UNDERWORLD Barbara Barbara We Face A Shining Future
Rick Smith and Karl Hyde have, in various forms, been together now for over thirty years, from playing student dives as a Cardiff-based standard rock band, to the current configuration, a electronic duo. At this point, you know who Underworld are, and what they do. Abstract, instrumental soundscapes, pounding rhythms of urban life, impressionistic lyrics of David Lynchian logic, where the words may not make sense on their own, but all, when combined, create something else. After six years largely out of activity (punctuated by live dates, soundtrack albums, and supermegadeluxeboxsetreissues), the first 'new' Underworld record is a quantum leap ahead – moving from the rampant and frantic huge roars of old classics .. to a pacier, more measured, restrained sound. Underworld always knew the power of restraint... and release. The moment where everything stops, drops, and then, all of a sudden, it all comes back, but faster, louder, brighter. On this, the band take their cue from slower, more measured songs (such as “Bird 1” and “Jumbo”), and instead create powerful, uncoiled beasts that roll across your ears with a measured, determined power, like invading tanks moving across a map.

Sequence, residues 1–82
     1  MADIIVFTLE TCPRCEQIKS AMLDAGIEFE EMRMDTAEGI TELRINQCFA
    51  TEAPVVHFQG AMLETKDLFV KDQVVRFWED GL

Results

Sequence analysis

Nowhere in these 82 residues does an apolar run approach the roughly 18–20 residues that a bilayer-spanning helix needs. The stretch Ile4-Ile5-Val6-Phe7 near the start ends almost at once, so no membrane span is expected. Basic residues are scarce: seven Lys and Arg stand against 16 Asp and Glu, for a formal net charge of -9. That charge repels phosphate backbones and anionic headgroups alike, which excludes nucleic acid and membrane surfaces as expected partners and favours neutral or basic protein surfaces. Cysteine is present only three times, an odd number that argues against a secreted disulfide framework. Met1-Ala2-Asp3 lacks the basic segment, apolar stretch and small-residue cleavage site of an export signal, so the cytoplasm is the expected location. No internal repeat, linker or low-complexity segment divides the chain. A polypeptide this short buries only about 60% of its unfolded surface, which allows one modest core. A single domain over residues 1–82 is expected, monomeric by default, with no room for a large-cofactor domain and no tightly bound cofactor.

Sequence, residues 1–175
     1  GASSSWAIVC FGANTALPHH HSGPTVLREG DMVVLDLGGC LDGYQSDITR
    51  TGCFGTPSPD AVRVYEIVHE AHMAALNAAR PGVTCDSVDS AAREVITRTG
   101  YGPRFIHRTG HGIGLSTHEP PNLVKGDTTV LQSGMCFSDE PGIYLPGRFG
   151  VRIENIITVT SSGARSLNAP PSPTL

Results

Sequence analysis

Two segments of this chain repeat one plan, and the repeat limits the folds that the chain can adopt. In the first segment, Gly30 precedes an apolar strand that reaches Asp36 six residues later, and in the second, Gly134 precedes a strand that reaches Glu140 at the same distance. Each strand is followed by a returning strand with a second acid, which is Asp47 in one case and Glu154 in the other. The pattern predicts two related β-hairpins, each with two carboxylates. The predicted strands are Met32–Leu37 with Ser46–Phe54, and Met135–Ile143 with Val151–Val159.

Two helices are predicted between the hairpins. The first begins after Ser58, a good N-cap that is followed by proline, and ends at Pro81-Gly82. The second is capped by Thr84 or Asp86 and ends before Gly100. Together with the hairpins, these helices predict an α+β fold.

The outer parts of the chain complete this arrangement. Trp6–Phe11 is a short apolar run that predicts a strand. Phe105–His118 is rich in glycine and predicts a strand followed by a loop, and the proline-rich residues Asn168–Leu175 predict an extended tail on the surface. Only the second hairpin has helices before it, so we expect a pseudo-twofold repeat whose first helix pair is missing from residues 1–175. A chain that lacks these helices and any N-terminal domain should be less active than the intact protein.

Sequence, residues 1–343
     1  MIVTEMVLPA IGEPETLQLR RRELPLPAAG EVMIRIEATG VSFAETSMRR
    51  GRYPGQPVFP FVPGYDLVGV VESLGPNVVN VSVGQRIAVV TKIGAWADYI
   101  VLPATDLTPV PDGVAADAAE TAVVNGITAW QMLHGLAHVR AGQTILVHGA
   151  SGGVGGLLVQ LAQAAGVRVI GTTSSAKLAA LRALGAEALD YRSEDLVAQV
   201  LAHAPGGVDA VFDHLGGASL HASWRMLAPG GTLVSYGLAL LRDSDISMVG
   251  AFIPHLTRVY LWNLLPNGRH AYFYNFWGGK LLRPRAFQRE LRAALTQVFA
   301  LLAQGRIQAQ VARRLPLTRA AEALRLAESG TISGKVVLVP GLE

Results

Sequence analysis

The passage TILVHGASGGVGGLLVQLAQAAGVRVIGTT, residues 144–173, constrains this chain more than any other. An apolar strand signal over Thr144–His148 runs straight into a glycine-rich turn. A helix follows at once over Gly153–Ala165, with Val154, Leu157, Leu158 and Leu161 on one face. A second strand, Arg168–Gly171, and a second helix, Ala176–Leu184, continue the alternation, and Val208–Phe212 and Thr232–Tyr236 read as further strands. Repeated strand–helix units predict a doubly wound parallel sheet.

“If Rah”, for example, starts with just a beat. And, by the end, beat after beat, bar after bar, it's a huge, grooving, semi Daft Punk, thing, a monster, with huge string sweeps, textures, and, at the heart of it all, like all of Hyde's songs, the sound of a man lost in the big city. Without the need for hit singles – as such – songs like “Low Burn” just concentrate on being the best songs they can, and not tied to choruses or playlist formats. You can just lose yourself in the possibilities, and so, there's huge textures, several minutes of endlessly changing soundscapes, the type of thing that draws a clear line between the 'Then' of 1994's epic “Thing In A Book” and “Dark Train”... and 'Now'. And even now, “Sanitago Quattro” - a four minute breather that wouldn't sound out of place at a Leonard Cohen concert – is, despite being well over 10 years old since it was first played live – would probably benefit by not being on the record ; it breaks the mood, and sounds like a different act, a different time.
There's no stone dead, 100% instant classics. But that isn't the point. This isn't a record designed to be played in nightclubs. But in Homes and Earphones. The record sounds like .. a walk through a vibrant city, a afternoon museum, a pacy, living, breathing thing, an object of no small beauty, the heartbeat of a city, and the closing duo of “Ova Nova” and “Nylon Strung”, are close and intimate. Open me up. I want to hold you, laughing. Carry me.
It's the sound of desire. Of hope. The moment where you catch someone's eye. Where maybe... this could change the world in a small way. Change my world. Your world. But this isn't the Underworld of the chemical fuelled nineties,but a new, smarter, older, wiser, more thoughtful time, where, as edge towards their sixties, they engage beyond, and still create lasting work. They face a shining future, reborn.